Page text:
Staff Facilities is an area of the library that will be solely dedicated to the staff and will not be accessible to the public. Within this area there will be lockers where the staff will be able to place their personal belongings in a secure place. Adjacent to the lockers there will be a small kitchen and lounge area for staff breaks. A sick room will be situated in this same area. The sick room will be large enough to accommodate a stretcher and emergency personnel.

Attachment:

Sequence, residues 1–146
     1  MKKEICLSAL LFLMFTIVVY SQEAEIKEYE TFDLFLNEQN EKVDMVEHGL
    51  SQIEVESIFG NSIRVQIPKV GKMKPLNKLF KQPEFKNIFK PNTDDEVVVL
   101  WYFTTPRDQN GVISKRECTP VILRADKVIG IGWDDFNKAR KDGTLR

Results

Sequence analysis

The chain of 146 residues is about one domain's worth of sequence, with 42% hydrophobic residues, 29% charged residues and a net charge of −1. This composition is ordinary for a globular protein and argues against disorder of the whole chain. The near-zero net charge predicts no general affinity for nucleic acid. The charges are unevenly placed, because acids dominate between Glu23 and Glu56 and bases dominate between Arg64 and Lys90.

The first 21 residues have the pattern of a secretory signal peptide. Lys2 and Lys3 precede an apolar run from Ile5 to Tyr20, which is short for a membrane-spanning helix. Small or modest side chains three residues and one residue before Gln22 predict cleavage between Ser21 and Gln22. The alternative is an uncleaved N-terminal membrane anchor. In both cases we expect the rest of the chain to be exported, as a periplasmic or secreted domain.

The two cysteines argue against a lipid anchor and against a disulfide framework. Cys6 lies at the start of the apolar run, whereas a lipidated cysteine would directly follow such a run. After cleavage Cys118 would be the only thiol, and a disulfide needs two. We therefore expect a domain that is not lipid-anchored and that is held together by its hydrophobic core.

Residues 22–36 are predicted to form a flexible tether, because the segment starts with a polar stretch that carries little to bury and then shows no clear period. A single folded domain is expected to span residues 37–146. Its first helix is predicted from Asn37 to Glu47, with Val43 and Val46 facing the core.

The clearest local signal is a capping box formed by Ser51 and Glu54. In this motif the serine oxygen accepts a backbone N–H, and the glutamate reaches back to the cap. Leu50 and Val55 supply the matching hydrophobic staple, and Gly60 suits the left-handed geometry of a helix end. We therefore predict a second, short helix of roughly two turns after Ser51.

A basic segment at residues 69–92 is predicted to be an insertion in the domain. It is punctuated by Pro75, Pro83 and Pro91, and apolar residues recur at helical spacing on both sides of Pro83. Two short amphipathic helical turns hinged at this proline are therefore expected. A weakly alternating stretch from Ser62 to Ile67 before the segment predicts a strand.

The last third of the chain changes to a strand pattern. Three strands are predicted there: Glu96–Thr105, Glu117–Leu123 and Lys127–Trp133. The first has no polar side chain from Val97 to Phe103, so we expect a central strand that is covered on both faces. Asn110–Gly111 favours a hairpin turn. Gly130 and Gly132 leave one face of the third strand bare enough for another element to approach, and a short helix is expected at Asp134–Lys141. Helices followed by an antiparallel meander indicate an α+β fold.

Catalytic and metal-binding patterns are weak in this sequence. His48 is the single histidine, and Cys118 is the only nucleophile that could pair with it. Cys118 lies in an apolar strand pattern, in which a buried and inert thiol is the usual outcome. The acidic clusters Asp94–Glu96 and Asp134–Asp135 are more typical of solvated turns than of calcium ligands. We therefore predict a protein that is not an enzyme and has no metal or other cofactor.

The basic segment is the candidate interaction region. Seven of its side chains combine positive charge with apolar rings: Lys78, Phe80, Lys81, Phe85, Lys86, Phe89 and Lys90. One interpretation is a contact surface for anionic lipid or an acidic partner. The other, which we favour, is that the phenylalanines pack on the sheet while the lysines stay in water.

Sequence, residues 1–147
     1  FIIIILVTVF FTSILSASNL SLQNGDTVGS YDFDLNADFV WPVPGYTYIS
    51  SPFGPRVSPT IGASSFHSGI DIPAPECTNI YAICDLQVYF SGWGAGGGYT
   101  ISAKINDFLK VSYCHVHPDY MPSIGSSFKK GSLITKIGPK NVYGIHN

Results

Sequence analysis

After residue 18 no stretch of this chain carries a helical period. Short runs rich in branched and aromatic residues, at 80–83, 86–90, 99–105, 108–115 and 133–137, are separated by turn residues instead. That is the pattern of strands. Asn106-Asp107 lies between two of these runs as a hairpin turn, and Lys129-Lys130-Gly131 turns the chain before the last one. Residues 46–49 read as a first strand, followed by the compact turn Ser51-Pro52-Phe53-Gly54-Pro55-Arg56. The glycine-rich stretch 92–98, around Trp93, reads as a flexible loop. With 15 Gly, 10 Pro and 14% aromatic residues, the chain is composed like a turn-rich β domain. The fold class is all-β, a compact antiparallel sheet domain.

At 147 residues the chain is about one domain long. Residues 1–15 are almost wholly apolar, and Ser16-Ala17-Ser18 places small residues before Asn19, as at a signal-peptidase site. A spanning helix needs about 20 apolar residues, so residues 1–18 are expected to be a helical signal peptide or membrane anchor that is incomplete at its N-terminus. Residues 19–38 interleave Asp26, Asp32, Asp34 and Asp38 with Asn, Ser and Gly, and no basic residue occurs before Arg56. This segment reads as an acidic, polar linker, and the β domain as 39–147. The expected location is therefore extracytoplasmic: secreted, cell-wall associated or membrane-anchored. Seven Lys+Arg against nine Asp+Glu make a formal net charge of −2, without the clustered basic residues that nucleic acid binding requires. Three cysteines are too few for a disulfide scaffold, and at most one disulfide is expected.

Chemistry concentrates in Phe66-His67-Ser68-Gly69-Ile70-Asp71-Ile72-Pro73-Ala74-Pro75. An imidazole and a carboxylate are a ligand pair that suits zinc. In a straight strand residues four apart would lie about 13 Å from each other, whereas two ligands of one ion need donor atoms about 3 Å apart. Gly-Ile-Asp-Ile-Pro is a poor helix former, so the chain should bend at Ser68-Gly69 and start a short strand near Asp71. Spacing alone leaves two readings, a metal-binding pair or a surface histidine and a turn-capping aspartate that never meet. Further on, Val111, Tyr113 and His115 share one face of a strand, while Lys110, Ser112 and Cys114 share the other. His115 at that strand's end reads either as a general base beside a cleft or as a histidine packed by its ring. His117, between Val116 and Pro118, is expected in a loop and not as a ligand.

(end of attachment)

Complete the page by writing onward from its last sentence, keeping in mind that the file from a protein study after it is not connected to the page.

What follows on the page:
The overall environment for the staff facilities will be a calm, relaxing and inviting space.
This area will function as the main storage area for all aspects related to the library. It will be directly adjacent to the loading dock. It will be necessary to have the loading bay directly accessible from the service road, at the rear (south side) of the building, so that delivery trucks may have convenient access to the loading dock which also provides access the storage room. All shipping and receiving will occur through this area and, although it will be a functional space, it will be as modern and bright as the rest of the Library.